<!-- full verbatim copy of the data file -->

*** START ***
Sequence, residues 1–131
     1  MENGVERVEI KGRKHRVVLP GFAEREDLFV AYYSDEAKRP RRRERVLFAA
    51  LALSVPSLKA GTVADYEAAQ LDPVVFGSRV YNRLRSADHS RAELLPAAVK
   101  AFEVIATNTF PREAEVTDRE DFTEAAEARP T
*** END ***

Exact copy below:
Sequence, residues 1–131
     1  MENGVERVEI KGRKHRVVLP GFAEREDLFV AYYSDEAKRP RRRERVLFAA
    51  LALSVPSLKA GTVADYEAAQ LDPVVFGSRV YNRLRSADHS RAELLPAAVK
   101  AFEVIATNTF PREAEVTDRE DFTEAAEARP T